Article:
The key attribute specifies a key from the resource bundle that should be added to the ActionError if validation fails. If you want to specify a literal message, rather than using the resource bundle, you can set the resource attribute to false. In this case, the key attribute is taken as a literal string.

The field element allows up to four additional elements to be included. These elements, named arg0, arg1, arg2, and arg3, are used to pass additional values to the message, either from the resource bundle or from the var or constant elements. The arg0 element defines the first replacement value, arg1 defines the second replacement value, and so on. Each arg element supports three attributes, name, key, and resource, which are the same as the attributes of the msg element described earlier.

Example 11-1 included elements for arg0 and arg1 like this:

<field property="phone" depends="required,mask,minLength">   <arg0 key="registrationForm.firstname.displayname"/>   <arg1 name="minlength" key="${var:minLength}" resource="false"/>   <var>    <var-name>mask</var-name>    <var-value>${phone}</var-value>   </var>        <var>    <var-name>minLength</var-name>    <var-value>5</var-value>   </var>                </field>

The last of the field child elements is the var element, as seen in Example 11-1 and in the previous fragment. The var element can set parameters that a field element may need to pass to one of its validation rules, such as the minimum and maximum values in a range validation. These parameters may also be referenced by one of the arg elements using a shell syntax: ${var:var-name}.

In Example 11-1, the substituted value for the phone constant is passed into the mask validation rule so that it can be used to check whether the property value conforms to the proper phone mask. The field element can have zero or more var elements.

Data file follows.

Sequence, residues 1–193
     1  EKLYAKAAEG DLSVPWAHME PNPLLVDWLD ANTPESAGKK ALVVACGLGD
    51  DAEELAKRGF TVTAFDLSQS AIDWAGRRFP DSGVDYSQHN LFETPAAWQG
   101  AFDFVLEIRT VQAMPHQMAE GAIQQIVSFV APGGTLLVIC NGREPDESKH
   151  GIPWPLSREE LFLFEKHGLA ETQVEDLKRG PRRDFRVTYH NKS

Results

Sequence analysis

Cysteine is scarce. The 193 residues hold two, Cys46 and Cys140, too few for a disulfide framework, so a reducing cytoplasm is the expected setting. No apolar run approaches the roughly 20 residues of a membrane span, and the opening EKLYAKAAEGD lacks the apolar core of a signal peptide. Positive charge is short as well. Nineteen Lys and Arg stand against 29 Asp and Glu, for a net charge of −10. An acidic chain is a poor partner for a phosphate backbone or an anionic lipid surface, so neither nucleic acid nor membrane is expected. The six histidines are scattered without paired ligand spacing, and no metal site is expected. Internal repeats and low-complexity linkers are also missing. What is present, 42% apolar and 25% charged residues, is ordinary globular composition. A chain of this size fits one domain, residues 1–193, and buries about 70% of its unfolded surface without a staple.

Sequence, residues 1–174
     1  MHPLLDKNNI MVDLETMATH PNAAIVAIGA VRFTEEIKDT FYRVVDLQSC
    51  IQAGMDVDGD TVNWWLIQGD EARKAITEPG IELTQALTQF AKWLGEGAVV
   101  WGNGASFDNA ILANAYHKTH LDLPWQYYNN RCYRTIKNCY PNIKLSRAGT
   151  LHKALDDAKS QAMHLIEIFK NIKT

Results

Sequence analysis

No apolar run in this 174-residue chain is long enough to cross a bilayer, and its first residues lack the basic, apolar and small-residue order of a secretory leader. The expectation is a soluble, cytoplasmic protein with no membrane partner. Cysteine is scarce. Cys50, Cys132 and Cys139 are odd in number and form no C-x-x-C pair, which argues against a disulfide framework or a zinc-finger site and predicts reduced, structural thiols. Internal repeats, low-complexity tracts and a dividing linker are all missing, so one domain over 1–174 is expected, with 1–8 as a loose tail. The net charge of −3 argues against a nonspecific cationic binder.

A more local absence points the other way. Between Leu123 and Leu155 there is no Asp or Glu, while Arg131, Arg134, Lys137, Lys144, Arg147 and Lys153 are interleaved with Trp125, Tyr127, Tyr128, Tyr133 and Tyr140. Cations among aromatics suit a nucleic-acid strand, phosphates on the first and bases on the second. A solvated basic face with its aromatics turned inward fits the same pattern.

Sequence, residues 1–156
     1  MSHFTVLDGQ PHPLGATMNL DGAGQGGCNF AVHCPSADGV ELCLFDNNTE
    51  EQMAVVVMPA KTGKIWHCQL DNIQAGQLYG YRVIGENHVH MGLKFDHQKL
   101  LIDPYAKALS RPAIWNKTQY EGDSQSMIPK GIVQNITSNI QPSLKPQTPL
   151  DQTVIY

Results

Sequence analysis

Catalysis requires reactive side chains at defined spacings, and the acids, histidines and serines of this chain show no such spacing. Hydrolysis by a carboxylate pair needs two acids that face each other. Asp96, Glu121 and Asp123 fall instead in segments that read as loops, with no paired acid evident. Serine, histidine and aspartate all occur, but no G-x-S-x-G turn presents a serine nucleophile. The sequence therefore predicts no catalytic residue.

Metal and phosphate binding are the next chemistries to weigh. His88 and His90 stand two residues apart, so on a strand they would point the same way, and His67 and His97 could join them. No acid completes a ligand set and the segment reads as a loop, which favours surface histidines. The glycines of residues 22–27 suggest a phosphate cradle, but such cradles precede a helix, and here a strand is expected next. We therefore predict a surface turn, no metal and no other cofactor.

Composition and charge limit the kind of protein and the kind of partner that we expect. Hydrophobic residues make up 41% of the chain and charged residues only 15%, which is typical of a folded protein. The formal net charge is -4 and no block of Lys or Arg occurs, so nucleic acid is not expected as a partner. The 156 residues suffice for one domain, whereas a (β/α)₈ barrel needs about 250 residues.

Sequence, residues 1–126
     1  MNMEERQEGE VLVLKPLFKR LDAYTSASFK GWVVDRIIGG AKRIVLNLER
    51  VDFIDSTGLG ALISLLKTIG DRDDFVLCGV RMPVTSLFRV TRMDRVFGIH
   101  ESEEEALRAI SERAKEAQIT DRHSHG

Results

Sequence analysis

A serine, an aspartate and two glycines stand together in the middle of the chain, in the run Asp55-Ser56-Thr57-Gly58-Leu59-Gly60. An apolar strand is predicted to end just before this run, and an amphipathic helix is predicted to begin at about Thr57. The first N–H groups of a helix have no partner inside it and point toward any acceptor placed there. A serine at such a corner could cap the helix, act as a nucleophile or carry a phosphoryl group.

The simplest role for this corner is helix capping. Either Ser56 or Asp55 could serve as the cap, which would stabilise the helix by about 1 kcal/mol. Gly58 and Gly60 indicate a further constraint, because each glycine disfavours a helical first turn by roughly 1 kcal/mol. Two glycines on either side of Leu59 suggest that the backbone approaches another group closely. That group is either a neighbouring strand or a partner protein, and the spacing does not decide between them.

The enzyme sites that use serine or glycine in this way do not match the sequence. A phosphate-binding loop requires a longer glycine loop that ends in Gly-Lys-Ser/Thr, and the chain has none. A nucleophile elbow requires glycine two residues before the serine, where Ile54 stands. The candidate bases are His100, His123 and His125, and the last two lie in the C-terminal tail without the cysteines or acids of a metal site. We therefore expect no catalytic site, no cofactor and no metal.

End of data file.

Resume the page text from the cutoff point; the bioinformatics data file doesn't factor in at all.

Once you have the two XML resource files configured for your application, you need to place them in the WEB-INF directory. They will be referenced within the Struts configuration file, as described in the next section.

11.2.4 Plugging in the Validator

Each Struts application needs to know that the Validator framework is being employed. As discussed in Chapter 9, you can use the PlugIn mechanism to hook the Validator framework into a Struts application.

Earlier versions of the Validator used an extra servlet to inform the Struts application that the Validator components were present. The ValidatorServlet has been deprecated and should not be used.


The following fragment illustrates how to set up the Validator as a plug-in:

<plug-in className="org.apache.struts.validator.ValidatorPlugIn">   <set-property      property="pathnames"      value="/WEB-INF/validator-rules.xml,/WEB-INF/validator.xml"/> </plug-in>

There was some confusion in one of the earlier beta releases for the Validator that used multiple set-property elements. That is no longer supported you should use a single set-property element that specifies multiple Validator resource files, separated by commas. Also notice that the property value is the plural pathnames.


The Struts framework will call the init() method in the ValidatorPlugIn class when the application starts up. During this method, the Validator resources from the XML files are loaded into memory so that they will be available to the application. Before calling the init( ) method, however, the pathnames property value is passed to the ValidatorPlugIn instance. This is how the ValidatorPlugIn finds out which Validator resources to load. For more information on how the PlugIn mechanism works, see Section 9.2.1.



Programming Jakarta Struts
Programming Jakarta Struts, 2nd Edition
ISBN: 0596006519
EAN: 2147483647
Year: 2003
Pages: 180